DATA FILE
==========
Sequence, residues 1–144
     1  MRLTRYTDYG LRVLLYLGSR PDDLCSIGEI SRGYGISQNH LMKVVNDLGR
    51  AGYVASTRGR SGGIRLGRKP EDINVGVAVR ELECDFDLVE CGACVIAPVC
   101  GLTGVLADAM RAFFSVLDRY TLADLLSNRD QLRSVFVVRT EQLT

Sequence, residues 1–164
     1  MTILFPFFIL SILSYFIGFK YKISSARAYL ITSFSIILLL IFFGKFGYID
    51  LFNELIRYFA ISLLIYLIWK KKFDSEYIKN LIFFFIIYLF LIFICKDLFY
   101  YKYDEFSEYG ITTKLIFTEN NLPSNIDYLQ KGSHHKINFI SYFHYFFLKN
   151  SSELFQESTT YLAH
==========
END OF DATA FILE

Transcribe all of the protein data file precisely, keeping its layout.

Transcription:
Sequence, residues 1–144
     1  MRLTRYTDYG LRVLLYLGSR PDDLCSIGEI SRGYGISQNH LMKVVNDLGR
    51  AGYVASTRGR SGGIRLGRKP EDINVGVAVR ELECDFDLVE CGACVIAPVC
   101  GLTGVLADAM RAFFSVLDRY TLADLLSNRD QLRSVFVVRT EQLT

Sequence, residues 1–164
     1  MTILFPFFIL SILSYFIGFK YKISSARAYL ITSFSIILLL IFFGKFGYID
    51  LFNELIRYFA ISLLIYLIWK KKFDSEYIKN LIFFFIIYLF LIFICKDLFY
   101  YKYDEFSEYG ITTKLIFTEN NLPSNIDYLQ KGSHHKINFI SYFHYFFLKN
   151  SSELFQESTT YLAH